7 LOOK FOR AMERICORPS POSITIONS IN YOUR AREA OF INTEREST “After my year in NCCC, I had come a little closer to identifying a few professional goals. My interests pointed me towards Higher Education and I began to look for a way to connect this field with civic engagement. Along came an AmeriCorps VISTA position that fit like a glove. I applied for and was hired as the AmeriCorps VISTA in the Office of Service-Learning at Gannon University in Erie, PA where I am currently finishing my year of service. The position is part of a collaborative project called Lake Effect Leaders which is made up of 4 colleges and 12 non-profit organizations in the region. It was the diverse experiences that I had in NCCC that made my resume stand out. Not only did my projects provide the extra “wow factor” that my supervisor was looking for, but they provided me with endless stories to tell during the interview.” Jennifer Schadd, Class 18 Alumna, Southwest Region SEARCH USAJOBS FOR OPEN POSITIONS WITH CNCS The Corporation for National and Community Service (CNCS) regularly posts job openings on USAJobs.gov, the Federal Government’s official job site.

6

UTILIZE LIFE AFTER AMERICORPS DAYS With hurricane season and the end of the service term nearing, remember to use your LAA days to polish your resume, apply to jobs or schools, or simply do research on possible service opportunities.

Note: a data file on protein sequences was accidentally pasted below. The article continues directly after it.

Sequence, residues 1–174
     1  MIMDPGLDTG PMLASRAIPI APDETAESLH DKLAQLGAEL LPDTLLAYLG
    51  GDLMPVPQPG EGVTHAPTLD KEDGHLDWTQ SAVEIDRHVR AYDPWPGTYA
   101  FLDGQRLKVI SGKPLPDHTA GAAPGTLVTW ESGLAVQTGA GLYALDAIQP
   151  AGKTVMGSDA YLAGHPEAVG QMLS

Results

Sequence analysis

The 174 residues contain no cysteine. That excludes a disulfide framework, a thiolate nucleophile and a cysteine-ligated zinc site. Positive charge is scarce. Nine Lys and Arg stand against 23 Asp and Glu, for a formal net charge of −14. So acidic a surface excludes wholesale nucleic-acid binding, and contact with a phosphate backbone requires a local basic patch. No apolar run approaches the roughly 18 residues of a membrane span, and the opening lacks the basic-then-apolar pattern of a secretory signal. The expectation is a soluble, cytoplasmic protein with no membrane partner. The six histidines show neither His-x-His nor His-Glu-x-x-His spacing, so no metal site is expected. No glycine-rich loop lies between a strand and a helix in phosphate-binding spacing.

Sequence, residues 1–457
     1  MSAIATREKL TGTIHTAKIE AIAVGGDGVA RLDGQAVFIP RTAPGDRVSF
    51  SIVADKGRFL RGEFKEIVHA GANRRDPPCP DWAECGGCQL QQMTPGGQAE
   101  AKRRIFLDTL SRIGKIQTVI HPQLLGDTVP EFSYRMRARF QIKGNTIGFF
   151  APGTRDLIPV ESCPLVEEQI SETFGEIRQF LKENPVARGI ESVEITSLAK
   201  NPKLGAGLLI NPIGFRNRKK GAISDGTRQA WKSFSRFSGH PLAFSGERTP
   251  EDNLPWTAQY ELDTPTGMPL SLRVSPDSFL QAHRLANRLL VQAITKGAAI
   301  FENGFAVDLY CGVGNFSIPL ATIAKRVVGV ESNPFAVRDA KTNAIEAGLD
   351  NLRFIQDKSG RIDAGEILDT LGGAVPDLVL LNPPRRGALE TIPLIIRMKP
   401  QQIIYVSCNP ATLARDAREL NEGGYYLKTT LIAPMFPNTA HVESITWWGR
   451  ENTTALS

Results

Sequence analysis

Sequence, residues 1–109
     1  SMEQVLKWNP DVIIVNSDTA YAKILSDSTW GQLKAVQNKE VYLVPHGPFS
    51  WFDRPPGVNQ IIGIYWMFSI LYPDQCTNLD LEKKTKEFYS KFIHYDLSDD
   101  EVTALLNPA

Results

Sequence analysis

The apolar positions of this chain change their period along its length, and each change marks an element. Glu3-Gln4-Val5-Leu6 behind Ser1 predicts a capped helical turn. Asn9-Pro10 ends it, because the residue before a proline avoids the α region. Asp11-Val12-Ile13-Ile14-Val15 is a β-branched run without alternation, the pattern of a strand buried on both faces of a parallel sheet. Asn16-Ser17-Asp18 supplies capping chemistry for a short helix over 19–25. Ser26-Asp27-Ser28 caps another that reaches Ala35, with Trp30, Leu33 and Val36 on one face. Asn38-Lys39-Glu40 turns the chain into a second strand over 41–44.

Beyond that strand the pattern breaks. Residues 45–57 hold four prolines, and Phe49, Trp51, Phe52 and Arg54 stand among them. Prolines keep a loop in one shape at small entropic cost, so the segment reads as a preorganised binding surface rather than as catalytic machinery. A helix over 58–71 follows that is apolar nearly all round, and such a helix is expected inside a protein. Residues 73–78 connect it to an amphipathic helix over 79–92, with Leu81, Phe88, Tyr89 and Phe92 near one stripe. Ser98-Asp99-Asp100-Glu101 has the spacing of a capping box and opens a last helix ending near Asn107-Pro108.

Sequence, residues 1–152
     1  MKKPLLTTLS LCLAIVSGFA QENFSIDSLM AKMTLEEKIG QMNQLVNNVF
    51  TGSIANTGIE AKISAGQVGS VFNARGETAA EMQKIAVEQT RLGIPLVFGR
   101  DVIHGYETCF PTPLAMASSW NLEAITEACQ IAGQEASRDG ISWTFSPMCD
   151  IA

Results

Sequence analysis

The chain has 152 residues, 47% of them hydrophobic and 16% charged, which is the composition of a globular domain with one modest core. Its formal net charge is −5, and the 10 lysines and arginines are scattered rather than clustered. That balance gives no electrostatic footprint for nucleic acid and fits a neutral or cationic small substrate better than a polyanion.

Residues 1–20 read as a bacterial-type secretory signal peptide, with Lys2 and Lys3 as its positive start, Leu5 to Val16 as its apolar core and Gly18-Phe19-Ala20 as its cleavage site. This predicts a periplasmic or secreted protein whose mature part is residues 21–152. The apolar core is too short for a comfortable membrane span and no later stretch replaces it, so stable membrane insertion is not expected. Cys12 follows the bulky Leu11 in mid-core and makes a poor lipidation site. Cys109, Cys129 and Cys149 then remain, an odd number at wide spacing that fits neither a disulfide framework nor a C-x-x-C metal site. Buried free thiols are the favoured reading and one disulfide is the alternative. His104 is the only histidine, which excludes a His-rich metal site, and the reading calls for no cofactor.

5

USE YOUR EDUCATION AWARD FOR SPECIAL INTEREST PROGRAMS “Some alums have been able to use their Ed Award to pay for special interests classes, including EMT training, SCUBA lessons, photography courses, and sewing classes. Some of these courses eventually turned a hobby into a career path for our alums! Other alums were able to enroll in study abroad programs, even after graduating from school. Check with your institution to make sure that the Ed Award is accepted in its programs.” Excerpt from Using Your Segal Education Award in the New Year from the AmeriCorps Alums Blog ASK FOR REFERENCES IN ADVANCE If you want to use your Team Leader, Unit Leader, or another NCCC staff member as a reference, make sure to ask them before applying for a job. They will appreciate your pro-activeness and will have more time to prepare a well-written reference letter.

3

BUILD RAPPORT WITH PROJECT SPONSORS It’s not uncommon for AmeriCorps alumni to land jobs with previous project sponsors. Take advantage of the fact that you already have your foot in the door with employees of several non-profit organizations. Talk to them about your career interests and keep in touch with them about position openings.

2

PREPARE FOR LIFE AFTER AMERICORPS DAY The Atlantic Region Life After AmeriCorps Day will include guest panels on international and domestic service opportunities, as well additional AmeriCorps opportunities, and a resource fair with representatives from several non-profit organizations and colleges. Once the list of attending organizations is finalized, you should tailor your resume to your areas of interest and come prepared to speak with representatives about your experience.

1

GET TO THE POINT | AUGUST 16, 2013

7


ALUM NI SPOTLI GHT

KATIE MANCHESTER

INTERVIEW BY STEPHANIE FERGUSON